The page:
Agricultural intensification is driving a decline in bird populations across Europe
An extensive, Europe-wide scientific study has quantified for the first time the direct impact of different human activities on birds on a continental scale. Data collected over nearly 40 years shows a loss of nearly a quarter of all birds over this period. More specifically, the study demonstrates the predominant detrimental impact of agricultural intensification. The study, led by two CNRS scientists and a doctoral student from the Université de Montpellier, included researchers from the Museum national d’histoire naturelle and several European countries. Their findings appear in PNAS the week of 15 May 2023.
Some 20 million. This is the number of birds that have disappeared in Europe every year on average over a period of nearly 40 years. A total of 800 million fewer birds since 1980. These figures were recently established by a European team that has demonstrated in a single study the predominant role played by agricultural practices.
Scientists compared several human sources of pressure: changes in temperatures, urbanisation, changes in forest cover and agricultural practices. For the first time, they were able to quantify the influence of each pressure on bird populations as well as its importance relative to other pressures, using the most comprehensive set of data ever assembled: 37 years of data from 20,000 sites in 28 European countries, for 170 different bird species. This data enables the detailed study of the pressures in each country from one year to the next and relatively to each other.
While bird populations suffer from the combination of these pressures, scientists show that the most adverse effects come from the increased per-hectare use of fertilizers and pesticides associated with agricultural intensification. Because fertilizers and pesticides can disrupt the entire food chain of an ecosystem, this trend has led to the decline of many bird populations, and of insectivorous species in particular.
The second largest pressure source is an overall increase in temperatures, which primarily affects colder-climate species and has resulted in a 40% decline. Warm-climate species are not spared: their populations have declined by 18%. While the number of birds has dropped across the continent, some ecosystems are more severely affected than others: the number of forest-dwelling birds has decreased by 18%, while this figure rises to 28% for city-dwelling birds and jumps to 57% for birds in agricultural environments.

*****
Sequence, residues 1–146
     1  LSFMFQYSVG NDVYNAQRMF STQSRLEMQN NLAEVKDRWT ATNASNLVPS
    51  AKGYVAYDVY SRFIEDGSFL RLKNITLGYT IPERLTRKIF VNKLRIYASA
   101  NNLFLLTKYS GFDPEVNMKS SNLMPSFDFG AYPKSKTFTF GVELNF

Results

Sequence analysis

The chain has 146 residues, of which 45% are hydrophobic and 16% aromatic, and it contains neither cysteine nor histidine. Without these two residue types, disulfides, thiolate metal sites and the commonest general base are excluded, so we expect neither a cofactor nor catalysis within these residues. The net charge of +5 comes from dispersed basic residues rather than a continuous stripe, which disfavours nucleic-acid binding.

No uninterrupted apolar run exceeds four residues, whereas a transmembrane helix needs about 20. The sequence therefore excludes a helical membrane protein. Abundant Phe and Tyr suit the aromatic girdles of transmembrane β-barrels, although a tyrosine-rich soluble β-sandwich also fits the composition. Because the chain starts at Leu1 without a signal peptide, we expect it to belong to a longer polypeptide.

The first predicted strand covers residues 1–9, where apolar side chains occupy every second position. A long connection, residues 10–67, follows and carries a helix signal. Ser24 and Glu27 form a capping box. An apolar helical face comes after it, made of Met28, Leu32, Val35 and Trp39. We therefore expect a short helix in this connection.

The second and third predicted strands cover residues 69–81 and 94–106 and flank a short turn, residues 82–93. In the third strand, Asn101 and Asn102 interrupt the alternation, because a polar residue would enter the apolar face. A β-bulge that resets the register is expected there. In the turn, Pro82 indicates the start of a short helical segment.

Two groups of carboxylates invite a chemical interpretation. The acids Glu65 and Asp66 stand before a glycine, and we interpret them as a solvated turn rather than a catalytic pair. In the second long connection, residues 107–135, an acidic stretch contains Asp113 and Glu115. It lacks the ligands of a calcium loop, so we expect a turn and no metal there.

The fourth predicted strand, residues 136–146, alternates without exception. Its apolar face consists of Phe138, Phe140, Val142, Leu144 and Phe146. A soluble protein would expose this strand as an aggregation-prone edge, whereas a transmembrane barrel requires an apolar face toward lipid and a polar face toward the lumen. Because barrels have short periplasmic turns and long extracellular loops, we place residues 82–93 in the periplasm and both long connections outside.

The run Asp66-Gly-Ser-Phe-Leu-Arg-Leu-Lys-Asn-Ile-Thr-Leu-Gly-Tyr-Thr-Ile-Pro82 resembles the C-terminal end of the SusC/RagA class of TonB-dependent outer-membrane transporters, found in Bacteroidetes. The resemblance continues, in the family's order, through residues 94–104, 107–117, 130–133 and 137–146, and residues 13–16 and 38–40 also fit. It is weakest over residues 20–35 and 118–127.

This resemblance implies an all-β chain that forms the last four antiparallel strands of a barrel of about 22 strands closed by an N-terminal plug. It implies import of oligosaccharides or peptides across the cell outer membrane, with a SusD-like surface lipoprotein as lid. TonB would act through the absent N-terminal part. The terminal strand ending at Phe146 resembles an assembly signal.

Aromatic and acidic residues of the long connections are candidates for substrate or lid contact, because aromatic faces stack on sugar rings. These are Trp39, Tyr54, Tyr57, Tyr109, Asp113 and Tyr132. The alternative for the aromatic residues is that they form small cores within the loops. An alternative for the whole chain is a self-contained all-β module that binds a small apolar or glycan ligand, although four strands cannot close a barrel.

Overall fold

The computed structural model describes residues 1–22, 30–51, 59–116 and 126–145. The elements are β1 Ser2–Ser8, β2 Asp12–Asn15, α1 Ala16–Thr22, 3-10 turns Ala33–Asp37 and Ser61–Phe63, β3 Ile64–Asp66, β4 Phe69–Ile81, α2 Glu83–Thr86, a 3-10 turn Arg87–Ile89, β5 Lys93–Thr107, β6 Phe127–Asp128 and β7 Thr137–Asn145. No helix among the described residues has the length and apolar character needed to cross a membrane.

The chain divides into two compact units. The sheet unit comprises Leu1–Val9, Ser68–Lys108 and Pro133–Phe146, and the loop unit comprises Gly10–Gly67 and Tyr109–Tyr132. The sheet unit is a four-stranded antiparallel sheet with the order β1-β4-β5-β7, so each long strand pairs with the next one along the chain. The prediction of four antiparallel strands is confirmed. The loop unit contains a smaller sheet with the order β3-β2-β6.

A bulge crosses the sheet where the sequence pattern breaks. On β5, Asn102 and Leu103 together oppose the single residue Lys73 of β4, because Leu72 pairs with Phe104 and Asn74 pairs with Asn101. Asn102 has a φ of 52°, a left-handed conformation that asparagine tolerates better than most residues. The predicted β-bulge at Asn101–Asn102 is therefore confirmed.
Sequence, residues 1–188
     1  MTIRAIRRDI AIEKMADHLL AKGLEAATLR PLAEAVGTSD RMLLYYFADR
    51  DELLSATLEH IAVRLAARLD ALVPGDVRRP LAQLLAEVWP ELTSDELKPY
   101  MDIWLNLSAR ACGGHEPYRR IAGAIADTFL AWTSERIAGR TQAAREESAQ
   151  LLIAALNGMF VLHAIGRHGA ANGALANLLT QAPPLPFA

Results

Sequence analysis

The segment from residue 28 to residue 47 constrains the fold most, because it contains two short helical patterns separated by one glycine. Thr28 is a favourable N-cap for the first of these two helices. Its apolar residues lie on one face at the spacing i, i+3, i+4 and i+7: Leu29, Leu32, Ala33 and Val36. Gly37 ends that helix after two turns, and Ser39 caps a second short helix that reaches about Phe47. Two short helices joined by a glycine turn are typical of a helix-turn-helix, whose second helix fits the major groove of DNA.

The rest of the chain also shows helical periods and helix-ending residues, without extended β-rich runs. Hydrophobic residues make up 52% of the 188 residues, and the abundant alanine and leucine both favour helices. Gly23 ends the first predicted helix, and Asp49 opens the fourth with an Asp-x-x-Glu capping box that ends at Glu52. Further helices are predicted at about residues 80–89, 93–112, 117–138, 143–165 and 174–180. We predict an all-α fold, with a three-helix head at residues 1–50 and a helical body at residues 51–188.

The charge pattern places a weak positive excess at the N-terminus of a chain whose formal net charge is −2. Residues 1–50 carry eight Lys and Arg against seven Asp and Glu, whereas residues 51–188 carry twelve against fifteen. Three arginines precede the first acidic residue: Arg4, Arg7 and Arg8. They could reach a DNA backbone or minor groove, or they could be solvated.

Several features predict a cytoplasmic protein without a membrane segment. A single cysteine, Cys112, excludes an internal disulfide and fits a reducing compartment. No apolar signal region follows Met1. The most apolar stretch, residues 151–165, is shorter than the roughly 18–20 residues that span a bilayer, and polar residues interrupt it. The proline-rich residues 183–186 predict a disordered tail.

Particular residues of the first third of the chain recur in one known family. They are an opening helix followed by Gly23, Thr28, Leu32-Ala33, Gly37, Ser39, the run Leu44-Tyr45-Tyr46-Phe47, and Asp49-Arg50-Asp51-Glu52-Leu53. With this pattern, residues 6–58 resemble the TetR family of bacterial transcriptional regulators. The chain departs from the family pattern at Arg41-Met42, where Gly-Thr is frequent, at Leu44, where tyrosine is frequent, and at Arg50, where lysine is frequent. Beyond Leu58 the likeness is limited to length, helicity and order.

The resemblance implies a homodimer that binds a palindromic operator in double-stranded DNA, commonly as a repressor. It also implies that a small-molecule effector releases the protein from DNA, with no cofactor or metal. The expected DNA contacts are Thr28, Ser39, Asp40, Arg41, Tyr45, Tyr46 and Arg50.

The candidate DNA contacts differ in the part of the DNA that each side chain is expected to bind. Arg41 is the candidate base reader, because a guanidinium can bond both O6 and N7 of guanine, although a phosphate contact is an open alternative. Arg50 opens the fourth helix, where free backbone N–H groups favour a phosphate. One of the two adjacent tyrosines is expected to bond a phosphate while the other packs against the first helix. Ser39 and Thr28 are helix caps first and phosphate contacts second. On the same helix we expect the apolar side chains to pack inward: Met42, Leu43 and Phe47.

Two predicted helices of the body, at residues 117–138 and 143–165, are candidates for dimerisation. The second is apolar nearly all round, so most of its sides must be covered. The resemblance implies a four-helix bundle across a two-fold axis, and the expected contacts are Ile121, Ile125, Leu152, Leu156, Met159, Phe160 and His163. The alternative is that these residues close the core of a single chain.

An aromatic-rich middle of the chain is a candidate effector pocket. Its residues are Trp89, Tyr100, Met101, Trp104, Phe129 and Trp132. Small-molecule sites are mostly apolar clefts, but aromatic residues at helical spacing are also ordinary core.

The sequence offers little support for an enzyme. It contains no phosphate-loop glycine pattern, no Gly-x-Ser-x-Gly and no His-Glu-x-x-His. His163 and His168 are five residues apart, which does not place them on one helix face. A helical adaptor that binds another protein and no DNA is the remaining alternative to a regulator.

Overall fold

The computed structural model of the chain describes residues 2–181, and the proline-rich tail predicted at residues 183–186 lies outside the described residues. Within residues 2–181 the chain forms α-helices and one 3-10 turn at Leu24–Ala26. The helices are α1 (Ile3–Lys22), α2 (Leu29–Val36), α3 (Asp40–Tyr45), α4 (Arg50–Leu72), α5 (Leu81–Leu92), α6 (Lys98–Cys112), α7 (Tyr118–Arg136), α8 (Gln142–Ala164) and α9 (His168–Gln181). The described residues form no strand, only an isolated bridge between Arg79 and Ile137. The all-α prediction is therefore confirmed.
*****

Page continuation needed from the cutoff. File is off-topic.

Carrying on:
France is a prime example of the situation in Europe: it has one of the highest percentages of intensely farmed land surface and is among the countries where this percentage has increased the most in recent years. Temperatures also increased by about 1°C between 1996 and 2016, and the percentage of built-up areas exceeds the European average. Forest cover in France, however, which is lower than the European average, has increased since 1996. Bird populations in agricultural environments and forests decreased by 43% and 19% respectively. The number of birds nesting in urban areas has increased by 9%. The populations of certain species have dropped dramatically: by 75% in the case of tree sparrows, whinchats and meadow pipits.
This decline, an illustration of the impact of human activities on a whole group of species with highly divergent needs, is a signal of profound environmental degradation. Birds play a direct role in fundamental interactions within ecosystems, including predation and the regulation of other species, the dissemination of seeds, and as resources for other predatory species. As a result, their disappearance is a threat to all ecosystems.
This research, which highlights a pressing need to rethink current food production methods, received support from the Office français de la biodiversité (OFB), the Institut des sciences de l'évolution de Montpellier (CNRS/IRD/Université de Montpellier) and the Centre d'écologie et des sciences de la conservation (CNRS/MNHN/Sorbonne Université).
Farmland practices are driving bird populations decline across Europe. Rigal, S et al. PNAS, week of 15 May 2023.